NASA's Spitzer Space Telescope has seen the dusty aftermath of this "run-in." Astronomers think embryonic planets smashed together, shattered into pieces and repeatedly crashed into other fragments to create ever-finer debris. Vega's light heats the debris, and Spitzer's infrared telescope detects the radiation.
Vega, located 25 light-years away in the constellation Lyra, is the fifth brightest star in the night sky. It is 60 times brighter than our Sun. Observations of Vega in 1984, with the Infrared Astronomical Satellite, provided the first evidence for dust particles around a typical star. Because of Vega's proximity and because its pole faces Earth, it provides a great opportunity for detailed study of the dust cloud around it.
"Vega's debris disc is another piece of evidence demonstrating the evolution of planetary systems is a pretty chaotic process," said the lead author of the study, Dr. Kate Su of the University of Arizona, Tucson, Ariz. The findings were presented today at the 205th meeting of the American Astronomical Society in San Diego.
Like a drop of ink spreading out in a glass of water, the particles in Vega's dust cloud don't stay close to the star long. "The dust we are seeing in the Spitzer images is being blown out by intense light from the star," Su said. "We are witnessing the aftermath of a relatively recent collision, probably within the last million years."
Scientists say this disc event is short-lived. The majority of the detected material is only a few microns in size, 100 times smaller than a grain of Earth sand. These tiny dust grains leave the system and dissipate into interstellar space on a time scale less than 1,000 years. "But there are so many tiny grains," Su said. "They add up to a total mass equal to one third of the weight of our moon."
The mass of these short-lived grains implies a high dust-production rate. The Vega disc would have to have an improbably massive reservoir of planet-building material and collisions to maintain this amount of dust production throughout the star's life (350 million years, 13 times younger than our Sun). "We think a transient disc phenomenon is more likely," Su said.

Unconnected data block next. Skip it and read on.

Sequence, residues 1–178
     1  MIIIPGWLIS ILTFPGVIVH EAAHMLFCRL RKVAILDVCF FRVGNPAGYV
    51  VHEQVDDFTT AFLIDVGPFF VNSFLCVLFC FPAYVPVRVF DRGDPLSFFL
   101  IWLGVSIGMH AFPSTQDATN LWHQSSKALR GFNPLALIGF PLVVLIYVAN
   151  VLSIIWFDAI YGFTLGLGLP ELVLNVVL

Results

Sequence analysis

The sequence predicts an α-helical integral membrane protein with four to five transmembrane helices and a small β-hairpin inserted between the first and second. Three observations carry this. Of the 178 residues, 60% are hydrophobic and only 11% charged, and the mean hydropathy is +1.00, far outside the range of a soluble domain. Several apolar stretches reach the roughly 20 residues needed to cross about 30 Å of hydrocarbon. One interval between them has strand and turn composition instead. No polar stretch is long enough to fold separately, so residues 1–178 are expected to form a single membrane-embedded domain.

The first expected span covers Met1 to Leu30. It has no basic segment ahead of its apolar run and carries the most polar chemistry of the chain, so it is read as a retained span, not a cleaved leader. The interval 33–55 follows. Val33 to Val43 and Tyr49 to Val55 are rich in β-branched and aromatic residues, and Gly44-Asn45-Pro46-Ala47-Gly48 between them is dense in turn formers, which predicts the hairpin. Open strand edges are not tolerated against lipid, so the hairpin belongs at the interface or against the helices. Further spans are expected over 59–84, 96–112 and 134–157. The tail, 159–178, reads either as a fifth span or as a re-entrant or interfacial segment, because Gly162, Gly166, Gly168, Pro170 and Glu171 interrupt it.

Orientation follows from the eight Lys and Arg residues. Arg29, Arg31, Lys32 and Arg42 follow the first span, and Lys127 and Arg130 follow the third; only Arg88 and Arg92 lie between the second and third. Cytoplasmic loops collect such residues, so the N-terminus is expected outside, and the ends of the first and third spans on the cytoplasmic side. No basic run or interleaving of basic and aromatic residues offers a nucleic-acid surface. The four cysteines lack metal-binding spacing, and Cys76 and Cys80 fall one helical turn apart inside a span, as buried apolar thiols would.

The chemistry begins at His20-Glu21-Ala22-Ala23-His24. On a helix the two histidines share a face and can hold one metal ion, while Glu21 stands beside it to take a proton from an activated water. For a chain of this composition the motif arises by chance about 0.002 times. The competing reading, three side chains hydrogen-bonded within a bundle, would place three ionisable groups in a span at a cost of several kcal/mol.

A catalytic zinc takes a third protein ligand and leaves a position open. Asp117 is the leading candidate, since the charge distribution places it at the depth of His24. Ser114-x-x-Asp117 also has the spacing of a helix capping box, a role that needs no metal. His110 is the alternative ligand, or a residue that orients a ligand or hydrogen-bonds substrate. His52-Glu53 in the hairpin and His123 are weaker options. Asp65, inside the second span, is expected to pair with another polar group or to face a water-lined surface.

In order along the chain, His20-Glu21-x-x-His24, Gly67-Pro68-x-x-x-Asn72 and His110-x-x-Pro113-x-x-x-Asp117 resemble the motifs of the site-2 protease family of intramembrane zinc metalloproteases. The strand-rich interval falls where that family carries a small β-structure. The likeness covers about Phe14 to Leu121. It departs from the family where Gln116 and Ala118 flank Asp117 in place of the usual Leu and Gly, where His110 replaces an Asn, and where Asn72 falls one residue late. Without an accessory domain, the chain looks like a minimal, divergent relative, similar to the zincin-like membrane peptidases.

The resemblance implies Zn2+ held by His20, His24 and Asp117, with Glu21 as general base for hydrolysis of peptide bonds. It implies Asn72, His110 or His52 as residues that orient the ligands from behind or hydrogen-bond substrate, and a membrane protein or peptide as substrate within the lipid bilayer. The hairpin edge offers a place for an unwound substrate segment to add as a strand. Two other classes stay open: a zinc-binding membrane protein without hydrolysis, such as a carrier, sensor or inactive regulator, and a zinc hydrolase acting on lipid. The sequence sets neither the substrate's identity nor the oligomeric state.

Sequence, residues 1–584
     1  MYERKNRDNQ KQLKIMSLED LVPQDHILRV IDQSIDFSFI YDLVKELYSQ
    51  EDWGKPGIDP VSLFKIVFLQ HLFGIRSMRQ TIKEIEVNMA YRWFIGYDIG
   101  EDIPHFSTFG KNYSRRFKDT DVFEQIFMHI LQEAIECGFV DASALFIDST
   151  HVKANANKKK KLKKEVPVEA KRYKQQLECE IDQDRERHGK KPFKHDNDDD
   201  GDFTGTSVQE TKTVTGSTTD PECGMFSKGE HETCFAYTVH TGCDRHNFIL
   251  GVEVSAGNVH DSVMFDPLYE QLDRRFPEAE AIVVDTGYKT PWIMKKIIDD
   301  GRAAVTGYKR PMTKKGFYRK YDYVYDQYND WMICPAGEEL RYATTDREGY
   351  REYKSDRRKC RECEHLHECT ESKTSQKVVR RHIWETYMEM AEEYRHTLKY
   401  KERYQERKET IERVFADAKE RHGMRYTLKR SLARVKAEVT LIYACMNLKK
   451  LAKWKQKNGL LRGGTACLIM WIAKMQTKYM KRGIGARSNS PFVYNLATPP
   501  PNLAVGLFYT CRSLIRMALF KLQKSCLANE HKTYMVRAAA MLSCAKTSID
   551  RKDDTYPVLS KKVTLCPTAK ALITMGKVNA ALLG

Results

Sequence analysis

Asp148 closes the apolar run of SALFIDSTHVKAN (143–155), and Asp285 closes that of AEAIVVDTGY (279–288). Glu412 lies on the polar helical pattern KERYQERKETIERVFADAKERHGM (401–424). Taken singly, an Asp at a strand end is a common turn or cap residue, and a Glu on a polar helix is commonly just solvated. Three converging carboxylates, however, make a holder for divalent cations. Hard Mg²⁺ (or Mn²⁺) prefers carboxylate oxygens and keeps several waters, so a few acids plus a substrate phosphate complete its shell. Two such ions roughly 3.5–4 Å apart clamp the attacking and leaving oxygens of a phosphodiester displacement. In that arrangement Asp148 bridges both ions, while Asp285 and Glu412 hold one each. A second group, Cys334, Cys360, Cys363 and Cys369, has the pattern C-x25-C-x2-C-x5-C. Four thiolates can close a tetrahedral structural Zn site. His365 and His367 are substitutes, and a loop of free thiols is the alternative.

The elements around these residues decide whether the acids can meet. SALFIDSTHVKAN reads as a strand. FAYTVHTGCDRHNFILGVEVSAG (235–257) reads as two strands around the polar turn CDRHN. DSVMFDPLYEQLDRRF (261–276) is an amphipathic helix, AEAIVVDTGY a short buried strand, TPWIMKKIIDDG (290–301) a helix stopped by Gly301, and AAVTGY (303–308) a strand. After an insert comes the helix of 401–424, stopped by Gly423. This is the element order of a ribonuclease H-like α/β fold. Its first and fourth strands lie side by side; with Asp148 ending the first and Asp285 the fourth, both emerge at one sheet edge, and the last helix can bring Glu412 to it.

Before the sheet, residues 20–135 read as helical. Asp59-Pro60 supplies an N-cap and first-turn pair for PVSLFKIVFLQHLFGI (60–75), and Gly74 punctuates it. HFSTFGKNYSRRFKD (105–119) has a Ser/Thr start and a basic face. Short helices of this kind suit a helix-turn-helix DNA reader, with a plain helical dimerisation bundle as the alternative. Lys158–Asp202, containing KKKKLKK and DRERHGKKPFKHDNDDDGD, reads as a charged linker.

Su and her colleagues were struck by other characteristics of Vega's debris disc, including its physical size. It has a radius of at least 815 astronomical units, roughly 20 times larger than our solar system. One astronomical unit is the distance from Earth to the Sun, which is 150 million kilometers (93 million miles). A study of the disc's surface brightness indicates the presence of an inner hole at a radius of 86 astronomical units (twice the distance between Pluto and the Sun). Large embryonic planets at the edge of this inner hole may have collided to make the rest of the debris around Vega.
"Spitzer has obtained the first high spatial-resolution infrared images of Vega's disc," said Dr. Michael Werner, co-author and project scientist for Spitzer at NASA's Jet Propulsion Laboratory, Pasadena, Calif. "Its sensitive infrared detectors have allowed us to see that Vega is surrounded by an enormous disc of debris."
JPL manages the Spitzer Space Telescope mission for NASA's Science Mission Directorate, Washington. Science operations are conducted at the Spitzer Science Center at the California Institute of Technology in Pasadena. JPL is a division of Caltech. The multi-band imaging photometer for Spitzer, which made the new disc observations, was built by Ball Aerospace Corporation, Boulder, Colo.; the University of Arizona; and Boeing North American, Canoga Park, Calif.
Additional information about the Spitzer Space Telescope is
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